The Mal­loy ad­min­is­tra­tion sparred fre­quently with the hos­pi­tals, ar­gu­ing the in­dus­try was un­fairly claim­ing poverty as a way of jus­ti­fy­ing crit­i­cism for dra­mat­i­cally hik­ing taxes on hos­pi­tals.

“He has one hell of a sense of hu­mor, un­der­stated and dry — a lit­tle bit like mine,” Mal­loy said. “Maybe that’s one of the rea­sons we got along so well.”

Al­ways Mal­loy’s first choice

Some were sur­prised in De­cem­ber 2010 when Mal­loy went out­side of Capi­tol po­lit­i­cal cir­cles to tap Barnes — the chief op­er­at­ing of­fi­cer for the Bridge­port pub­lic schools — to serve as his bud­get direc­tor.

Barnes wasn’t a stranger to Mal­loy. Raised in St. Peters­burg, Fla., Barnes had spent most of the pre­vi­ous two decades con­nected to mu­nic­i­pal gov­ern­ment, first as a pol­icy ex­pert for the Con­necti­cut Con­fer­ence of Mu­nic­i­pal­i­ties, and also hold­ing three posts un­der Mal­loy when he was mayor of Stam­ford.

The gov­er­nor was in­her­it­ing a bud­get deficit of his­toric por­tions, an empty bud­get re­serve, $1 bil­lion in op­er­at­ing debt and a slug­gish econ­omy. Despite the stakes, Mal­loy said the choice for OPM sec­re­tary was never in doubt.

“I knew be­fore I had won the elec­tion who I would fill the po­si­tion with,” the for­mer gov­er­nor said.

Barnes and Mal­loy also faced a new po­lit­i­cal dy­namic, a Leg­is­la­ture that shifted re­spon­si­bil­ity for select­ing bud­get cuts — in­volv­ing hun­dreds of mil­lions of dol­lars an­nu­ally — to the ex­ec­u­tive branch.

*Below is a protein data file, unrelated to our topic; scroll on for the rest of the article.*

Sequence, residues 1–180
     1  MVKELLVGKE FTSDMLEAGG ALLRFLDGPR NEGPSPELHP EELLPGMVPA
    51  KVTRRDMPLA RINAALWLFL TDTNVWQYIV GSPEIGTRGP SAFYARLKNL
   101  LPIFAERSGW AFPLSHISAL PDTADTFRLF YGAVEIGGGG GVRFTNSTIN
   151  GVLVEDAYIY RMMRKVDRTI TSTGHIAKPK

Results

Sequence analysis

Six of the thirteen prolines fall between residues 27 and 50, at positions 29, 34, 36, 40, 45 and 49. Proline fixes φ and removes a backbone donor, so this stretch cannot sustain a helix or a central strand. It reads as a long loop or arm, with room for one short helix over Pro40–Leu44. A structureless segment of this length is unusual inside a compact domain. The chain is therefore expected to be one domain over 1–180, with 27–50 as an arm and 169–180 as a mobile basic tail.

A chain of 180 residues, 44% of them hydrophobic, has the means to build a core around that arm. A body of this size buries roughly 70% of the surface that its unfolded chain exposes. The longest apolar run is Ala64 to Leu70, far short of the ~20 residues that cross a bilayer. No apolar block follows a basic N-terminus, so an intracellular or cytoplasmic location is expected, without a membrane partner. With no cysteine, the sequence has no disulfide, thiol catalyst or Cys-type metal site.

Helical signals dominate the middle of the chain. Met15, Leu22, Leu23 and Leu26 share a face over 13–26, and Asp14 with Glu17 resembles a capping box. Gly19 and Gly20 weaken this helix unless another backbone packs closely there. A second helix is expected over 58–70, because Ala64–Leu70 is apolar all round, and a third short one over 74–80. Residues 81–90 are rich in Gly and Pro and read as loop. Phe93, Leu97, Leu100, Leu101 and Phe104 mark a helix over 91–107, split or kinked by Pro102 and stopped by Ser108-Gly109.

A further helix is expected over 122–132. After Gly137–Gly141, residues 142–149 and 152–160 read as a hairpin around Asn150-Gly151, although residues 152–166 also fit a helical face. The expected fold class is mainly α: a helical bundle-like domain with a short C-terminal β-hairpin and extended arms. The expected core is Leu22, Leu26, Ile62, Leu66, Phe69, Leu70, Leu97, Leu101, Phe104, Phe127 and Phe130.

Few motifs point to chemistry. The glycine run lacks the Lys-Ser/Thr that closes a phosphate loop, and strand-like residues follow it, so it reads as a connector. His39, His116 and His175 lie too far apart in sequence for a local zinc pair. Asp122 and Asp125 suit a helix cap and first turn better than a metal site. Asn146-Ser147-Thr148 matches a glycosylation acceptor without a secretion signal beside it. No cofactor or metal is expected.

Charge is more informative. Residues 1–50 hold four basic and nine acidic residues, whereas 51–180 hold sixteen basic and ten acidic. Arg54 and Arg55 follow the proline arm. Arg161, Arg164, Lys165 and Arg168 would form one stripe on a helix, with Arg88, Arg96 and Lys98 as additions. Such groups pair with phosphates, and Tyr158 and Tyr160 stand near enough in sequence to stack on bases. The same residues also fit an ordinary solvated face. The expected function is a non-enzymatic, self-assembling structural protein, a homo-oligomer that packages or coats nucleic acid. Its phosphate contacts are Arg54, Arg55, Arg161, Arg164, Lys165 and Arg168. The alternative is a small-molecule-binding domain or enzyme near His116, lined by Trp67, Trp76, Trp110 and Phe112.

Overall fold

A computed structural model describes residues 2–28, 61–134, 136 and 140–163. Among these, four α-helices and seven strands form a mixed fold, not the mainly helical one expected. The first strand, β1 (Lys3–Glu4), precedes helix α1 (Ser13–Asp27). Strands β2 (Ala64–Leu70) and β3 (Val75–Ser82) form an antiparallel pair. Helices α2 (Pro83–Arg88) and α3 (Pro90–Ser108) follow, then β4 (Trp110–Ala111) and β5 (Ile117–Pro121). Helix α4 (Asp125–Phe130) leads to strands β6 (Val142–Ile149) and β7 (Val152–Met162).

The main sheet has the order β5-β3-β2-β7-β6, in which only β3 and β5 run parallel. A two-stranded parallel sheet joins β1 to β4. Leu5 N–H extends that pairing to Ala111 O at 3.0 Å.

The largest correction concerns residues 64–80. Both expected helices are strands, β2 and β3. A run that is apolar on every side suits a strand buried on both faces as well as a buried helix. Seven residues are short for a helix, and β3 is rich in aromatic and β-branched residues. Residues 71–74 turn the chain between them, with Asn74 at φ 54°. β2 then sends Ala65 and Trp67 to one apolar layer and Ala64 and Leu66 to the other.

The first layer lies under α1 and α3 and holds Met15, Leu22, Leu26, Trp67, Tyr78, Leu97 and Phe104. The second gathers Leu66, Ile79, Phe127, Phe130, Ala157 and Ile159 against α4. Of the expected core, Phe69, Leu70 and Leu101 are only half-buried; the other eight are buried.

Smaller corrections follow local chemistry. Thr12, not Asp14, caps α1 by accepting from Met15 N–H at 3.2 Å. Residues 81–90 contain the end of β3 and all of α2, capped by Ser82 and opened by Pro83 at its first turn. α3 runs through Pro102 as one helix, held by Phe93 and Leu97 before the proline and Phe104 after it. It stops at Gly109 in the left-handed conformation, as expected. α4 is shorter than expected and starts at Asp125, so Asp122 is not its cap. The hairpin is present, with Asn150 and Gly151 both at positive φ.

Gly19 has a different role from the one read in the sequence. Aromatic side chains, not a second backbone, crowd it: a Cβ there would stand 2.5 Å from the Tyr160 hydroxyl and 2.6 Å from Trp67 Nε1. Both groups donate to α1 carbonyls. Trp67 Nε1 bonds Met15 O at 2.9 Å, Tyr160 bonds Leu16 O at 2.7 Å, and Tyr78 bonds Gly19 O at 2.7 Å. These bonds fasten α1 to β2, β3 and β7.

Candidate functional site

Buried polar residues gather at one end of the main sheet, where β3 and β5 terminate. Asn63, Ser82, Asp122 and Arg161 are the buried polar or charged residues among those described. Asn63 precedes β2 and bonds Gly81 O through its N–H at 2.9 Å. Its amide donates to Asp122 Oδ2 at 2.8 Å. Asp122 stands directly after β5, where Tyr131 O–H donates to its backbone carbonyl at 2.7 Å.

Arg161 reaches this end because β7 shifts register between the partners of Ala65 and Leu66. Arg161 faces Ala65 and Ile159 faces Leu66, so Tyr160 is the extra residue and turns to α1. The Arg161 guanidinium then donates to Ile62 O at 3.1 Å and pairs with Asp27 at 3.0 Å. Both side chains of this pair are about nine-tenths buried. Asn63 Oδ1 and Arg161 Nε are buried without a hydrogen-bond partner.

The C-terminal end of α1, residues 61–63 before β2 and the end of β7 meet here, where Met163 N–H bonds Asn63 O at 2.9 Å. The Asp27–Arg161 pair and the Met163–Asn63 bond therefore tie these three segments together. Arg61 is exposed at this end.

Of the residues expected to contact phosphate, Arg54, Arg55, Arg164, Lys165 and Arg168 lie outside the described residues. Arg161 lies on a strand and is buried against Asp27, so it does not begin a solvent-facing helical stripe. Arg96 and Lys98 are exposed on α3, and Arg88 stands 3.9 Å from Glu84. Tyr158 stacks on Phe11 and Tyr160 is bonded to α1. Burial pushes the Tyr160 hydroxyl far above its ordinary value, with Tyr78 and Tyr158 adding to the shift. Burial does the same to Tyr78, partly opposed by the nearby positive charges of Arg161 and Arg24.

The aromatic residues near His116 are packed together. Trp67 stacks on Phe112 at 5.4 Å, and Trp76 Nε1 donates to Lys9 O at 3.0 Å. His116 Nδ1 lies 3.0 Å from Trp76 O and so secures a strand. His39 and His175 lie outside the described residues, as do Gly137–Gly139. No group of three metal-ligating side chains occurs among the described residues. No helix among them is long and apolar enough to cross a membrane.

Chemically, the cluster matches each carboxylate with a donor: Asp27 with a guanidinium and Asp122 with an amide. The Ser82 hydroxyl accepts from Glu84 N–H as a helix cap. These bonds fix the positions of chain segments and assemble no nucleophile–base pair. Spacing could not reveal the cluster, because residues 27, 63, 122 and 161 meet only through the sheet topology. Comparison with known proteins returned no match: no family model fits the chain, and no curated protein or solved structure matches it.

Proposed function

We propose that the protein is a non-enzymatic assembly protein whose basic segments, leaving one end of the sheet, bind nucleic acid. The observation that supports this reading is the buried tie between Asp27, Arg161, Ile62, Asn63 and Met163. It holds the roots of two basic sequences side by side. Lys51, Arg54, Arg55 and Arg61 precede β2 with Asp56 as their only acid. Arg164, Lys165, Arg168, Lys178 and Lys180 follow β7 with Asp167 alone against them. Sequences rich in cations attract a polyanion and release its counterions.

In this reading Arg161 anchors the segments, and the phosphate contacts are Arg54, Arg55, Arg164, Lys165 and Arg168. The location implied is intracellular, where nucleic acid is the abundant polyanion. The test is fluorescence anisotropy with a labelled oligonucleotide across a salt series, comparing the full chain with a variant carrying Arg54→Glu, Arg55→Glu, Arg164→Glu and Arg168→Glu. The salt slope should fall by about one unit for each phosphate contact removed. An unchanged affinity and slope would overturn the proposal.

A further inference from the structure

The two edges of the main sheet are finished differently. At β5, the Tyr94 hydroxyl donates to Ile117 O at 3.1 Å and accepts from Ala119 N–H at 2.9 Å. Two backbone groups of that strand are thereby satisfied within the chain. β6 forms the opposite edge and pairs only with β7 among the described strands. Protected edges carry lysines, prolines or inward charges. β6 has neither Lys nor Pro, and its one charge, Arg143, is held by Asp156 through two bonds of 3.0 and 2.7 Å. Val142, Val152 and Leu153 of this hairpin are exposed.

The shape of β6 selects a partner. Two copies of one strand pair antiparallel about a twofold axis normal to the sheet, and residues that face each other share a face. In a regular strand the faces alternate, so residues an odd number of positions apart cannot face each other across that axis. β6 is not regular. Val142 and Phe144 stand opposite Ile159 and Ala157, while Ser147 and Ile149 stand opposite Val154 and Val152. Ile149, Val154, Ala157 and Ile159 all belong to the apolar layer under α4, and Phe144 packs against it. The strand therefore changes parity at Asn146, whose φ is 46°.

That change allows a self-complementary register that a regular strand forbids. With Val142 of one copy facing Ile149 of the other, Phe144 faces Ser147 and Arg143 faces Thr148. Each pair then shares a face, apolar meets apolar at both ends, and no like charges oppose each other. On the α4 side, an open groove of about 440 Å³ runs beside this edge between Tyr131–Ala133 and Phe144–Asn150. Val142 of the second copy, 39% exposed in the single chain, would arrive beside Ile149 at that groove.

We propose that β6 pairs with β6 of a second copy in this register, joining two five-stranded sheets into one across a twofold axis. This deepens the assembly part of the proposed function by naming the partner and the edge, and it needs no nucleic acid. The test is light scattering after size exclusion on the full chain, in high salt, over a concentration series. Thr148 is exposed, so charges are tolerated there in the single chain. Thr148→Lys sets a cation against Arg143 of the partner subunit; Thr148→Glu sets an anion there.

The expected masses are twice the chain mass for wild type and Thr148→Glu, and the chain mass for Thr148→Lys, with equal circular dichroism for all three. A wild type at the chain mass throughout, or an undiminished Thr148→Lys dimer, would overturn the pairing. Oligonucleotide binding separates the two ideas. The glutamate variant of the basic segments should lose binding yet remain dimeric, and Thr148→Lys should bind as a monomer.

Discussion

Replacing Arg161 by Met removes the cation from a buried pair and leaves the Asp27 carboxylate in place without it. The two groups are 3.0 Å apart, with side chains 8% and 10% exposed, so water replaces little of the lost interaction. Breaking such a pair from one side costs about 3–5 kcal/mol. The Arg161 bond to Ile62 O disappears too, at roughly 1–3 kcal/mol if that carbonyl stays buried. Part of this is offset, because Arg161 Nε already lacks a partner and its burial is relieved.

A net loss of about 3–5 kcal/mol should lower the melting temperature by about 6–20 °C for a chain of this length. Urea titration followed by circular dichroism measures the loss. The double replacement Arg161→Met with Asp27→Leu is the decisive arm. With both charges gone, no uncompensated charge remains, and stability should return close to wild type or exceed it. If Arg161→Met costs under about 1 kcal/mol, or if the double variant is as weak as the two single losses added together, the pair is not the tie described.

Shift­ing re­spon­si­bil­ity for bud­get cuts

Rather than re­duce spe­cific pro­grams, leg­is­la­tors in­creas­ingly di­rected Barnes’ of­fice to achieve neb­u­lously de­fined sav­ings tar­gets. This would re­quire the ad­min­is­tra­tion to with­hold fund­ing from agen­cies, freeze hir­ing and re­duce pro­grams, af­ter which law­mak­ers would is­sue a bi­par­ti­san bar­rage of pub­lic con­dem­na­tions.

“We’d try to cut $1 bil­lion the old-fash­ioned way, but then we’d get beaten up,” Barnes said, re­fer­ring to pro­gram re­duc­tions rec­om­mended each Fe­bru­ary in the gov­er­nor’s an­nual bud­get pro­posal.

And though law­mak­ers would nei­ther ap­prove the gov­er­nor’s cuts nor rec­om­mend their own, Mal­loy was com­mit­ted to shrink­ing gov­ern­ment.

Barnes did of­fer a word of cau­tion, say­ing it wouldn’t be wise to stick with this ap­proach be­cause Con­necti­cut would con­tinue to face hard fis­cal choices over the next decade and, sooner or later, leg­is­la­tors need to get bet­ter at mak­ing them.

The re­cent, in­creased re­liance on these sav­ingstar­gets rather than spe­cific cuts “is not a great way to gov­ern, and there’s no ques­tion there is a po­lit­i­cal sort of pat­tern that’s de­vel­oped,” Barnes said. “But there are still some folks who un­der­stand have to say ‘this is what we can af­ford and this is what we’ve got to do.’ ”

Ben Barnes